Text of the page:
Every Office and Clinic Needs A Vaccine Champion! Lead your immunization team. Educate all staff about new vaccines and recommendations. Teach new staff about vaccine storage, handling, & administration. Initiate processes to improve immunization rates in your practice/facility. Assure immunizations of all staff are up-to-date.
Healthcare Workers Need These Immunizations Annual influenza vaccine Tdap or Td Hepatitis B (exposure risk) Validate immune status of: Varicella Measles, Mumps & Rubella (MMR) Are YOU up to date?
Other Considerations for HCW Immunization Plan/Policy Immunization/immunity record maintained by the facility on each HCW Catch-up programs for current employees and policies for newly-hired workers Work restriction policies for susceptible workers after exposure Management and control of outbreaks Options for refusal of vaccination by employees
Set an example Flu and Pertussis might not be severe in healthy adults, but can be DEADLY for infants or those with underlying medical conditions Don’t transmit disease to your patients-- get a Tdap and annual Flu vaccination!!!
On the horizon… Quadrivalent live attenuated influenza vaccine (LAIV) – FluMist Quadrivalent® (MedImmune) approved February 2012 – Anticipated to be available for US season.
Vaccine Adverse Event Reporting System The Vaccine Adverse Event Reporting System (VAERS) is a national vaccine safety surveillance program co-sponsored by the Centers for Disease Control and Prevention and the Food and Drug Administration. What Can Be Reported to VAERS? Who Reports to VAERS? Does VAERS Provide General Vaccine Information?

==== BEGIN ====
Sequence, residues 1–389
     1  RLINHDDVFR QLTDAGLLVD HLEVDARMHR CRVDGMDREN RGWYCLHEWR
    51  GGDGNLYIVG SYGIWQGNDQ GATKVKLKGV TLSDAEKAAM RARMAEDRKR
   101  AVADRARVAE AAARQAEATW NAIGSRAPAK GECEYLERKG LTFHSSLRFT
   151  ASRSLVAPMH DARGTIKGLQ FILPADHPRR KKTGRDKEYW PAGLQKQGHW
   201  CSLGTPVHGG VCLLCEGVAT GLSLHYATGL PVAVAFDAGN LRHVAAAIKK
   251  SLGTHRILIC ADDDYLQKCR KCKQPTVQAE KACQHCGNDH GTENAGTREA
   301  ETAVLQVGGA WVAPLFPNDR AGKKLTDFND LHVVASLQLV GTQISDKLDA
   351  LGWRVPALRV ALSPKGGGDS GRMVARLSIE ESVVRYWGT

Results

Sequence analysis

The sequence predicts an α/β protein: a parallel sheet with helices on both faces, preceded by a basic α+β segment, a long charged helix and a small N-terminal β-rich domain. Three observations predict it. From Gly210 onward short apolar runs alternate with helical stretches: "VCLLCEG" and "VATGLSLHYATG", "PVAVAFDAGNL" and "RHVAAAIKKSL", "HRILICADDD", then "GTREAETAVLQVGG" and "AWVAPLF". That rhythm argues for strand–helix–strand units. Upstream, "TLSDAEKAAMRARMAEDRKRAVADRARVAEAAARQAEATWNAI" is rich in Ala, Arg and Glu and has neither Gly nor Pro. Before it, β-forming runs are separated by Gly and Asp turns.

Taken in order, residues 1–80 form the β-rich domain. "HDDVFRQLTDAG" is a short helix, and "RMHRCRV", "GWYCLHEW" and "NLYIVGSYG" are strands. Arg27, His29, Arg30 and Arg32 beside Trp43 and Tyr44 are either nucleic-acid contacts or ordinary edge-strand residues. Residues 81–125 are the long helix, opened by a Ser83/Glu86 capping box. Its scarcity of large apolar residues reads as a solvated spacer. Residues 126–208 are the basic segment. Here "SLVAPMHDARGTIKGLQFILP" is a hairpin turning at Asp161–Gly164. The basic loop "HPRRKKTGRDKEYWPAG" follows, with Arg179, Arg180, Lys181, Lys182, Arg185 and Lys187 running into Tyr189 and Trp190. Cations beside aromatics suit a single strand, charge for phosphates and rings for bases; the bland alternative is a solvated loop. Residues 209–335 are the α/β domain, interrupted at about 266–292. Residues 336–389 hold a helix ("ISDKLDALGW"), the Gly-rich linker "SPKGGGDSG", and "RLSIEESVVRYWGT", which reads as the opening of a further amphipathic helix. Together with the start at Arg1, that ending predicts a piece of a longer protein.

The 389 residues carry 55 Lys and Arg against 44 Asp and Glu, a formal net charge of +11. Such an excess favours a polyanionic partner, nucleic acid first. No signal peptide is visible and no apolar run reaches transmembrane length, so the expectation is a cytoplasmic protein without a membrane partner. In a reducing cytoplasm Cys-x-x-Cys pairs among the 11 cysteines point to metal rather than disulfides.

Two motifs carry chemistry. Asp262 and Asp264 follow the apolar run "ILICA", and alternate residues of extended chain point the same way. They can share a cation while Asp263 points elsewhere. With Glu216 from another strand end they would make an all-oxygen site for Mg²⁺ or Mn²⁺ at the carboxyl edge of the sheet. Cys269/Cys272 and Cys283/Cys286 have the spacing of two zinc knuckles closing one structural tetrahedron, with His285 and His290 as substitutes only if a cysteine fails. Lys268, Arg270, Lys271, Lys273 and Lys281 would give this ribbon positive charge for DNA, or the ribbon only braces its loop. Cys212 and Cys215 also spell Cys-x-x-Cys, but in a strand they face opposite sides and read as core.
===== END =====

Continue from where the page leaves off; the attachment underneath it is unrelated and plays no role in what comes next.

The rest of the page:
National Vaccine Injury Compensation Program (NVICP) National Vaccine Injury Compensation Program provides compensation to individuals found to be injured by or have died from certain childhood vaccines. – Established in 1988 by NCVIA – Federal “no fault” system to compensate those injured – Claim must be filed by individual, parent or guardian – Must show that injury is on “Vaccine Injury Table”
Resources Georgia Immunization Program – On Call hotline National Immunization Program at CDC – Georgia Adult Immunization Coalition – Immunization Action Coalition –
Stay Current! Sign up for listserv sites which provide timely information pertinent to your practice – AAP Newsletter – CDC immunization websites (32 in all) – CHOP Parents Pack Newsletter – IAC Express – Websites specific to particular vaccines
Resources for Factual & Responsible Vaccine Information
Internet Resources Georgia Department of Public Health CDC Immunization information CDC Flu information Immunization Action Coalition
James is a 58 year old accountant. He is an alcoholic with chronic liver disease and smokes 1 pack of cigarettes per day. No other significant medical problems. His last tetanus booster was 12 years ago. He states he has never had measles or chicken pox. What vaccines does he need? Test Your Knowledge!
James is a 58 year old accountant. He is an alcoholic with chronic liver disease and smokes 1 pack of cigarettes per day. No other significant medical problems. His last tetanus booster was 12 years ago. He states he has never had measles or chicken pox. What vaccines does he need? Test Your Knowledge! Tdap, hepatitis A, hepatitis B, PPSV23, Influenza vaccine MMR?, Varicella?, Zostavax?
Take away messages Georgia has low pneumonia immunization and flu immunization rates for persons 65 yrs and older Flu vaccination efforts should continue into Spring and later! Administer PPSV23 vaccine YEAR ROUND instead of only during flu season to unvaccinated: Unvaccinated persons 65yrs and older DIABETICS over 19 yrs of age Persons over 19 yrs with asthma
Take away messages Historically, Georgia has high rates of hepatitis B infection so strongly encourage hepatitis vaccination for your family planning and STD clients Strongly Encourage Tdap to all adults age 19 years and older Routinely administer HPV vaccine to adolescent females AND males